Issue Details: First known date: 2014 2014
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'Has any other writer so closely suggested that the aura of a work of art is a manifestation of joy? For David Malouf, happiness involves the complete immersion of a man or woman—he uses gender with all body parts intact—in moments of irreducible self-consciousness. In The Happy Life (2011), the Transcendentalist connections are clear, but Malouf’s is a thoroughly contemporary vision. As with Emerson and Thoreau, Malouf brings considerable Classical insight to modern problems of unhappiness, which he says generally spring from mistaking the material “good life” for the spiritual “happy life.” While acknowledging global problems of environment and politics, Malouf looks squarely at the possibilities for personal happiness in physical and intellectual self-awareness, moments that can be realized in the interstices and lapses of a world beyond individual control. The result is both a classical humanistic assertion of personal possibility and a modern registry of the odds against us.' (Publication abstract)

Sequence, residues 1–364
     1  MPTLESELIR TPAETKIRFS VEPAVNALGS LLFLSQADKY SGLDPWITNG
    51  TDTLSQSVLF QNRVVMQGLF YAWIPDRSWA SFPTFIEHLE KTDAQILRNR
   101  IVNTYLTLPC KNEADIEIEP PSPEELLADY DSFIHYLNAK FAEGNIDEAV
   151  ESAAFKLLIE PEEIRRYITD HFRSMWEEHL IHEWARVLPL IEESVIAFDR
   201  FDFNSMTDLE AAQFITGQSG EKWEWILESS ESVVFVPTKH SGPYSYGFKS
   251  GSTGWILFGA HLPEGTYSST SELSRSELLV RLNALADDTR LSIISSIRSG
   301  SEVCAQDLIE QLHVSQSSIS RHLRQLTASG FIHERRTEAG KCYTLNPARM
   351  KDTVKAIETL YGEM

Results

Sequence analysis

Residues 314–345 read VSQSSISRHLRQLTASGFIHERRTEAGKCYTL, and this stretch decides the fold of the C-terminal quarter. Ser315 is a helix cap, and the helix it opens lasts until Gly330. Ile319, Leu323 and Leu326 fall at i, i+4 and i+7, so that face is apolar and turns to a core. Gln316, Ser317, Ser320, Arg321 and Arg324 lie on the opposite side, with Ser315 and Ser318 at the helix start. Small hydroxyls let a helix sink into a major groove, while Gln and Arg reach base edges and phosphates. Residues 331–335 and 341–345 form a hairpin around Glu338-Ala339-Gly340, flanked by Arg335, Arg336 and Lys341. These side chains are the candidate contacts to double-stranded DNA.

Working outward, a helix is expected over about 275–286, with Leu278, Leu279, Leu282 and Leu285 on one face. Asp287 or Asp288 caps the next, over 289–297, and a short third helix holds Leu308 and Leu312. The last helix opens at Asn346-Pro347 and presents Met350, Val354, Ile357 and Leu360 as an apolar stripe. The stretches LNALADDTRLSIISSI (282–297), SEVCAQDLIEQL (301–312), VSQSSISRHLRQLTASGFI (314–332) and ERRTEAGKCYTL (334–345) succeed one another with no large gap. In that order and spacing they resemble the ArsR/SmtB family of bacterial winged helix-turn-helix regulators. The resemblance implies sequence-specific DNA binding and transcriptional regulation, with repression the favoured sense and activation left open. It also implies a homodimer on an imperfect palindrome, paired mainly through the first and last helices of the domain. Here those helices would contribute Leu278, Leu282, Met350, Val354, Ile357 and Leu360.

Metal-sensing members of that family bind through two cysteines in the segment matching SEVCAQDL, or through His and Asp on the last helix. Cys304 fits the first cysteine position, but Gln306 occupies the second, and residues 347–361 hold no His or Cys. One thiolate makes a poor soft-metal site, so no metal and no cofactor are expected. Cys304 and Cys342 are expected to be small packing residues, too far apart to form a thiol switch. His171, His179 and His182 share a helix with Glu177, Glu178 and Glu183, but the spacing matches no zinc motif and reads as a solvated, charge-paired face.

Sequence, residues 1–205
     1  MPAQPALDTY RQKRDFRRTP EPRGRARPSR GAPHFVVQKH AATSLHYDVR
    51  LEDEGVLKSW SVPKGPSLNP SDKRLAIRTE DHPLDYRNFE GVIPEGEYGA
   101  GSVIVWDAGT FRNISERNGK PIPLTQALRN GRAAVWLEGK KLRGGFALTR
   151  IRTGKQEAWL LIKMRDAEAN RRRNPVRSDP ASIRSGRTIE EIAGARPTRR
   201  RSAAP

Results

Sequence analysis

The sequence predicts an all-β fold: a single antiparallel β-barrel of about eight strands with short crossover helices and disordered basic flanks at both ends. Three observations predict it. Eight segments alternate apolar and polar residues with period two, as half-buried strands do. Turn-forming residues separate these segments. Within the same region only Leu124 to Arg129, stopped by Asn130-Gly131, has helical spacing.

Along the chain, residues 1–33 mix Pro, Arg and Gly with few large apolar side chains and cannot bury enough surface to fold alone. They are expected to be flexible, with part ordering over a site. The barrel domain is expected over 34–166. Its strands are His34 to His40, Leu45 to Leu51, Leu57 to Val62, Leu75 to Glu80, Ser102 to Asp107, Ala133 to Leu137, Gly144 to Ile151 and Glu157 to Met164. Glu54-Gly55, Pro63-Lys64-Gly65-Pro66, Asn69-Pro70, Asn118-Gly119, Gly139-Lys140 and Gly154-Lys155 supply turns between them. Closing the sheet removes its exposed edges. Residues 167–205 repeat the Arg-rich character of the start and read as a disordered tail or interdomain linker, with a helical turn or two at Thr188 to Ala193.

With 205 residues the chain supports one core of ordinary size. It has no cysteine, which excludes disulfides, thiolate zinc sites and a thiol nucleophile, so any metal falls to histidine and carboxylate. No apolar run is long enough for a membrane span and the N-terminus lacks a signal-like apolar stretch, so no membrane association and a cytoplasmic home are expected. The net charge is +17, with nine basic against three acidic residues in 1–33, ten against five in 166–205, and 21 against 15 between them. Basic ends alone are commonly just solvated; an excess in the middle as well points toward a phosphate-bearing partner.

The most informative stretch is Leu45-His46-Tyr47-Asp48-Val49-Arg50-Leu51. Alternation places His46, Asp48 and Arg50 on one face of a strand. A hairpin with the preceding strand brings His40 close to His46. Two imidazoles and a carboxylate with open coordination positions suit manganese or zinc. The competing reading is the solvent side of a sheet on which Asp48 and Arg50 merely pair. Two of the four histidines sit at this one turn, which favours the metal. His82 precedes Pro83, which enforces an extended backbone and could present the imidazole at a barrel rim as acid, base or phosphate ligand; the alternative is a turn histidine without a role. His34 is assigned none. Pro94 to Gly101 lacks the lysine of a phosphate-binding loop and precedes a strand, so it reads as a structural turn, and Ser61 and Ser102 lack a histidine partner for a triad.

Publication Details of Only Known VersionEarliest 2 Known Versions of

  • Appears in:
    y JASAL David Malouf vol. 14 no. 2 2014 7668223 2014 periodical issue 2014
Last amended 5 Aug 2014 12:48:54
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